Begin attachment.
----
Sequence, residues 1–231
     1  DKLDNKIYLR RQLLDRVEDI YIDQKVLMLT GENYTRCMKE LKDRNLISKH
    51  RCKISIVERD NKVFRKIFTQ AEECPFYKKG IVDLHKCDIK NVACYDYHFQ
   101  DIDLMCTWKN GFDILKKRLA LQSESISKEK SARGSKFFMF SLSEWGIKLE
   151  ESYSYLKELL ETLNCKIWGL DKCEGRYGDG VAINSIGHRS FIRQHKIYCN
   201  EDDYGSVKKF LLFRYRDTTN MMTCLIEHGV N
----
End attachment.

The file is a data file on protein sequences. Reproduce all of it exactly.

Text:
Sequence, residues 1–231
     1  DKLDNKIYLR RQLLDRVEDI YIDQKVLMLT GENYTRCMKE LKDRNLISKH
    51  RCKISIVERD NKVFRKIFTQ AEECPFYKKG IVDLHKCDIK NVACYDYHFQ
   101  DIDLMCTWKN GFDILKKRLA LQSESISKEK SARGSKFFMF SLSEWGIKLE
   151  ESYSYLKELL ETLNCKIWGL DKCEGRYGDG VAINSIGHRS FIRQHKIYCN
   201  EDDYGSVKKF LLFRYRDTTN MMTCLIEHGV N